Tuesday, September 22, 2009

Listening to Your Mind

My previous post about listening to your body had at its core the idea of the separation of mind and body but this quote from Michael Woods in the current London Review of Books makes that relationship far more interesting by pointing out the separation of mind and brain.

We could drop the metaphor of the brain or mind as a computer. This is what Aamodt and Wang recommend, because it’s ‘not really accurate . . . the brain works more like a Chinese restaurant that we know in Manhattan; it’s crowded and chaotic, and people are running around to no apparent purpose, but somehow everything gets done in the end – and efficiently too.’ What’s most interesting in this image is that we are the customers in this neuro-restaurant, not its owners or managers or waiters; and the same little allegory is at work in the conception of our brains and ourselves being different moral entities (‘Your brain lies to you a lot’).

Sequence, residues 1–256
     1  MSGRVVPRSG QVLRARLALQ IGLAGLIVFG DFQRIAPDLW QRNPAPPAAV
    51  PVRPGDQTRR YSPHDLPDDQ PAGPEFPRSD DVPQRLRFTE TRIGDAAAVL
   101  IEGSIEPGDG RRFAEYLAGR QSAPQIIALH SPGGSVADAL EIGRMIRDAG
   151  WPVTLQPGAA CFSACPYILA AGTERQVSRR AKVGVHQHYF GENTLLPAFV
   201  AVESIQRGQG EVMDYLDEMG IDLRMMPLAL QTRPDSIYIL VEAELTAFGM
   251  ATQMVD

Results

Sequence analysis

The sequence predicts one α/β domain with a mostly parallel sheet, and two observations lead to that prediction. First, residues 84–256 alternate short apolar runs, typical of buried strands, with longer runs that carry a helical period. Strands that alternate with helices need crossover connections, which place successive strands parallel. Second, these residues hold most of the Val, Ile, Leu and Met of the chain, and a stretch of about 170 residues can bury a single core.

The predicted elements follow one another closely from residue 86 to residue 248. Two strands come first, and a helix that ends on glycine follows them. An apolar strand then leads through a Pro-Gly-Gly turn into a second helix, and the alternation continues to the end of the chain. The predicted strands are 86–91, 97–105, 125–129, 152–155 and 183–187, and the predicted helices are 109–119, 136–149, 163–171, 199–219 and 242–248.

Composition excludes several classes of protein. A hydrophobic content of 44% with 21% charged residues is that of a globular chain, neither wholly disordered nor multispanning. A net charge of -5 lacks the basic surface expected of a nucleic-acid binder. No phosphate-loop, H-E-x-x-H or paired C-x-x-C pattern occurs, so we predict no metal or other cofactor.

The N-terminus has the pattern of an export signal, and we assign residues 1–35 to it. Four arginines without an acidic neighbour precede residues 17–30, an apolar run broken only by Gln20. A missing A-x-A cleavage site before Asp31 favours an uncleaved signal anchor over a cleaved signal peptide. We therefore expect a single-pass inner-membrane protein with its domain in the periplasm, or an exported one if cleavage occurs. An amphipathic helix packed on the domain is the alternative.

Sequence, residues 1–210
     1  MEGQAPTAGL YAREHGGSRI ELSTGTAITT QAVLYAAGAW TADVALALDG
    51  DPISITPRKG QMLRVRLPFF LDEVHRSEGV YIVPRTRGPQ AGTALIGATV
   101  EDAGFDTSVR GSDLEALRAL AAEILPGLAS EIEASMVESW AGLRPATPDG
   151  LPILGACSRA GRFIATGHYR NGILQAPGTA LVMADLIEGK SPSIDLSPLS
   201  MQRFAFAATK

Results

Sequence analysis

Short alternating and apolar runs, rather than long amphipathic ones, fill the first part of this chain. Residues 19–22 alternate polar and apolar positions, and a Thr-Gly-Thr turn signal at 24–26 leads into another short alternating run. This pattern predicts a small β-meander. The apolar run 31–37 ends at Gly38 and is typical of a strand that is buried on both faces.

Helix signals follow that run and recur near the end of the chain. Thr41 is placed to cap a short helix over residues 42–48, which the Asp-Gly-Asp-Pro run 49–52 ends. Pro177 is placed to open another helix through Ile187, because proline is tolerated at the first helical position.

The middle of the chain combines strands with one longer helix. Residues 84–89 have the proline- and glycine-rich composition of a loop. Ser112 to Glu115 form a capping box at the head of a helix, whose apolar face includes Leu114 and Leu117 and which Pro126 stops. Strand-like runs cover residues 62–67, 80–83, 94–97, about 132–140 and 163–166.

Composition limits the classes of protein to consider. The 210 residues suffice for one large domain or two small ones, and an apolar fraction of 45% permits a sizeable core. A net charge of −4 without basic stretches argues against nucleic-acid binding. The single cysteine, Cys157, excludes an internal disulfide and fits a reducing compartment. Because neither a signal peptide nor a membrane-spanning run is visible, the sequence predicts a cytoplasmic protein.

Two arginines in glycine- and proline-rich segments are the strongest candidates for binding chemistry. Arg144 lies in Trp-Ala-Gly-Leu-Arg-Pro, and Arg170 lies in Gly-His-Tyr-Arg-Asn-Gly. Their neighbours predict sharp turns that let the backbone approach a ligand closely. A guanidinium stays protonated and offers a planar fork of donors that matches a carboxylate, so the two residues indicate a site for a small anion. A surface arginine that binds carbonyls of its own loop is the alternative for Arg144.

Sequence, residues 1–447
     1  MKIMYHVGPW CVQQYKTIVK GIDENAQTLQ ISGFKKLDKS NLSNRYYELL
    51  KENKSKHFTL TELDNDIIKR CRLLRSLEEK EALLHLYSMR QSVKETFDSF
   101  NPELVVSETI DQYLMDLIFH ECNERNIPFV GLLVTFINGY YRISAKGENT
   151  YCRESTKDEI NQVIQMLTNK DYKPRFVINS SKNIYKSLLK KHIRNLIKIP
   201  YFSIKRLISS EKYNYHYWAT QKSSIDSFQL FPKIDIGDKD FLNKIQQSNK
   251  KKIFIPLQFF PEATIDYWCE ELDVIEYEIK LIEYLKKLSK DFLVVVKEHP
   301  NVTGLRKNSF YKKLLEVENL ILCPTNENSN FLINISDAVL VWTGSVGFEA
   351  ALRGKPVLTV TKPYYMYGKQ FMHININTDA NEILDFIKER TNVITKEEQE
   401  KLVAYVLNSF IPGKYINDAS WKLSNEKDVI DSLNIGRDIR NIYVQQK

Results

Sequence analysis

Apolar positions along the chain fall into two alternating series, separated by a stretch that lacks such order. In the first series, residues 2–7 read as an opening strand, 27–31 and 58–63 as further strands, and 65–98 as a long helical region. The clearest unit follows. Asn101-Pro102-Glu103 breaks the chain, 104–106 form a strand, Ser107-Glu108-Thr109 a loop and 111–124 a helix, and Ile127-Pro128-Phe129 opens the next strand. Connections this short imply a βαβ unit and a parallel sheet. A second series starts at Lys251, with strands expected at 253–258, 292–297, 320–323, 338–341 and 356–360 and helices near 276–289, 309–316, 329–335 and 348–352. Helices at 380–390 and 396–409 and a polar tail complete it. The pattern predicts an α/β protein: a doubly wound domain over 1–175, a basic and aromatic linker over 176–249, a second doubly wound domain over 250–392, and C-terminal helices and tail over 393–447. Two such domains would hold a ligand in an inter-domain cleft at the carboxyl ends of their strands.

So now when I go for a run I will picture it in terms people rushing around in a crowded restaurant giving out orders for more speed and receiving demands from more oxygen. Somehow, and I don't know why, I feel strangely happy with this idea of barely contained chaos.

1 comment:

tink said...

that sounds good, but could the little people actually do the running for me instead? :-)

p.s tink is Eva